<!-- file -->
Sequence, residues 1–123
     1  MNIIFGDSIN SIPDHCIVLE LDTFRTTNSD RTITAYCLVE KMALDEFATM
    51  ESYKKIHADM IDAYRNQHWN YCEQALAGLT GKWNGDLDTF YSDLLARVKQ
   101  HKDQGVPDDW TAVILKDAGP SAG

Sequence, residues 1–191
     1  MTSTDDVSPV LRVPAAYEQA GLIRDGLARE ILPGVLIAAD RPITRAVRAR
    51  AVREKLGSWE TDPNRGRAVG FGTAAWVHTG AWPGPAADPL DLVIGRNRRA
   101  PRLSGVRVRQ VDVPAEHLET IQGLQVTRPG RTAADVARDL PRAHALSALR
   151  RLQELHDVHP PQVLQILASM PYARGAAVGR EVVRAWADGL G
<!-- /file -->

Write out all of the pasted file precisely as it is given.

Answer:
Sequence, residues 1–123
     1  MNIIFGDSIN SIPDHCIVLE LDTFRTTNSD RTITAYCLVE KMALDEFATM
    51  ESYKKIHADM IDAYRNQHWN YCEQALAGLT GKWNGDLDTF YSDLLARVKQ
   101  HKDQGVPDDW TAVILKDAGP SAG

Sequence, residues 1–191
     1  MTSTDDVSPV LRVPAAYEQA GLIRDGLARE ILPGVLIAAD RPITRAVRAR
    51  AVREKLGSWE TDPNRGRAVG FGTAAWVHTG AWPGPAADPL DLVIGRNRRA
   101  PRLSGVRVRQ VDVPAEHLET IQGLQVTRPG RTAADVARDL PRAHALSALR
   151  RLQELHDVHP PQVLQILASM PYARGAAVGR EVVRAWADGL G